by Brian Wilson, Archivist/Editor Okanagan Archive Trust Society
The large winery high on the west hill in Okanagan Falls was originally pre-empted by George and Samuel Hawthorne from Ontario. They arrived in 1908 and having never seen the property except on a map, were startled by its inaccessibility. The only way in was from the White Lake track off the Myers Flat Road.
They built a small log home and began farming the 320 acres. They also built the Green Lake Road for easy access to Okanagan Falls.
Major Hugh Fraser, late of the Third Division of the Canadian Corps under Brigadier V. A. Williams; arrived in the Okanagan at the invitation of C. Carroll Aikins of Naramata. The Major had been captured and spend two years in Hochlinden and Crefeldt prisoner of war camps for commissioned officers. He was part of a negotiated prisoner swap in The Hague when the armistice was signed. He was returned to Canada in 1919.
Aikins introduced the Major to the upper class of Okanagan life and assured him that the comforts of Upper Canada were available in the Okanagan. The Major agreed having been wooed by the vistas and bright skies. He was able to purchase the Hawthorne Ranch and proceeded to build a stone home as was Aikins in Naramata at the time. The same builder was used, I’m sure. The Major had been one of his father’s accountants in Montreal prior to the war, having graduated from McGill University.
Hugh Fraser inherited an incredible estate from Ottawa Rideau Club companies and banks. He never had to worry about money.
His friend Eric Sismey said of the ranch, “This could never be a successful commercial venture, but it was a delightful place to call home and raise a few head of cattle.” The “See Ya Later” myth is rooted in his marriage to debutant, Lillian Williams in 1922. With the insistence of his father, Hugh returned to Ottawa to wed this privileged young woman. It is conceivable that he might have brought her west to introduce her to life in Okanagan Falls.
They divorced just 3 months later. (On reading records connected to the family, I doubt if she ever left the east. But I’m sure if she did, she would have never got off the boat. “Not for me. See ya later!”) Major Fraser was keen to help the community of Okanagan Falls. In 1928, he stepped forward to provide funds for the construction of the community hall. The hall was constructed from salvaged lumber from the abandoned Alexandra Hotel. He dug deep to hand out money to the local Women’s Institute for their hall, to the local Legion Branch, and purchased an organ for the church. He had a stained glass window installed in memory of his sainted mother who formed a branch of the Victorian Order of Nurses in Montreal.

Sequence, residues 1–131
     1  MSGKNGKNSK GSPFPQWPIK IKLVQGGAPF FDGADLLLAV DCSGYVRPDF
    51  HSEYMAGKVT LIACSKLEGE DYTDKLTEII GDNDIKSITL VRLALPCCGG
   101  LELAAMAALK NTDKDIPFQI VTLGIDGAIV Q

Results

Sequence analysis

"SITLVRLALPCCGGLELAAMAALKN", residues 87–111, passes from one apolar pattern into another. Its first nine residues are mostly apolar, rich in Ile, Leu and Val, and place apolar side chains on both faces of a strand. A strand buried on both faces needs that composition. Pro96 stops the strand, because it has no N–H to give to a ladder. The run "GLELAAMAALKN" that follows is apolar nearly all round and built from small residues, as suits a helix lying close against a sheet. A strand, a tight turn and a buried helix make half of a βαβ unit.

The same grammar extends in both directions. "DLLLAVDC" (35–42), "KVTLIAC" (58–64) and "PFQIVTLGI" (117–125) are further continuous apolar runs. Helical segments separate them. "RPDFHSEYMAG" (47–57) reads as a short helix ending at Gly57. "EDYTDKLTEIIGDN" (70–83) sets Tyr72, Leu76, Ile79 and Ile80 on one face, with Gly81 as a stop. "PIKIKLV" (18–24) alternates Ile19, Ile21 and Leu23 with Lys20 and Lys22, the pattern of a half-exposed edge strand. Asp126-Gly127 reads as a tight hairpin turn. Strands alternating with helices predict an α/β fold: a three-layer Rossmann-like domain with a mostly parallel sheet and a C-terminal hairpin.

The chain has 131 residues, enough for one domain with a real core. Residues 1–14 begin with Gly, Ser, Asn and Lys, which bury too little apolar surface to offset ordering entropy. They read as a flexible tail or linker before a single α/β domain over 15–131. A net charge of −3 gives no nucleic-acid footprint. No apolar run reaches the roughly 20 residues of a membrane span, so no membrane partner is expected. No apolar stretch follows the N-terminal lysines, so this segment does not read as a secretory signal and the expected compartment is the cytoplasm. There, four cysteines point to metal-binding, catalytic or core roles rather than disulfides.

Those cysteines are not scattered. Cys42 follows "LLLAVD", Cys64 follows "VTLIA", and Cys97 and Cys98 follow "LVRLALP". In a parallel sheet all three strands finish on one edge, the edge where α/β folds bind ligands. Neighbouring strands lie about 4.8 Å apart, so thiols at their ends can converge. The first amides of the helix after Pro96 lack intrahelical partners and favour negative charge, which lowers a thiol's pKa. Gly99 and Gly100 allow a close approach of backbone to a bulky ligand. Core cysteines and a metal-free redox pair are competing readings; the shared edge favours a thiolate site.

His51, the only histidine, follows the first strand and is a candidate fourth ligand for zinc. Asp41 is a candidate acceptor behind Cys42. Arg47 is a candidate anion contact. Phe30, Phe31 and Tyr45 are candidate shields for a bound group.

One of his greatest contributions to Okanagan Falls was the donation of property for Christie Memorial Park.
The Major had always involved himself with the National Red Cross and continued to do so in the Okanagan. In the depression years he was their Chairman for 5 years and after the Second World War he was director for 10 years.
Major Fraser surrounded himself with Scottish Collies and working dogs for most of his life at the ranch. His love for these animals ran deep, so deep that he established a private cemetery for his animals. That cemetery is now part of a legacy that he left to the SPCA, having supported the society for over 20 years. It is now open to the public for services and burial of beloved pets. Major Fraser always had hired hands and housekeepers around the place and one of his favourites was A.K. “Bill” Worth. The Major was aging and was hoping to move to his house on Forestbrook in Penticton, to simplify his senior years. He made Bill an offer to take over the ranch but Bill didn’t have the resources. So the Major legally adopted him. Bill changed his name to “Fraser” and took over the ranch.
The Major, his dogs and his parrot all moved to the home in Penticton, spending part of the year in the cabin on Eastside Road on Skaha Lake. This was 1956.
Bill Fraser cleaned up the 480 acre property and after a few years of pondering cash crops, decided that the future was in grapes. In 1961 he planted the first Foch, Chelois and other hybrids and successfully sold the crop to Andres Wines in Kelowna. Bill sold the ranch to a European syndicate soon after Major Fraser died in 1971. He had created a true milestone of vineyard culture. It wasn’t until 1983, that Hawthorne Mountain Ranch became a farm-gate winery. Albert LeComte, a Vancouver businessman purchased the property and turned the old dairy barn into his production arena. His wines were a terrific success. He expanded the planting, introducing the first of the Gewurztraminer grapes and became an award winner.
The winery came to the attention of wine guru Harry McWatters of Sumac Ridge Winery in Summerland. Harry purchased as much of the Gewurztraminer as could be spared. The medals just kept coming and McWatters purchased LeComte in 1995, renaming it Hawthorne Mountain Vineyards. Both Sumac Ridge and Hawthorne became part of the Vincor Corporation in 2000.
Vincor executives instructed marketing firms to come up with something that could compete with the kitschy names of surrounding vineyards like “Blasted Church”, “Kraze Legz” and “Laughing Stock”. They dredged up the old joke and “See Ya Later” was born.
(Editor’s note: There is no mention of Major Fraser in any of the written information on the history of Okanagan Falls. Time to put it right, I think.)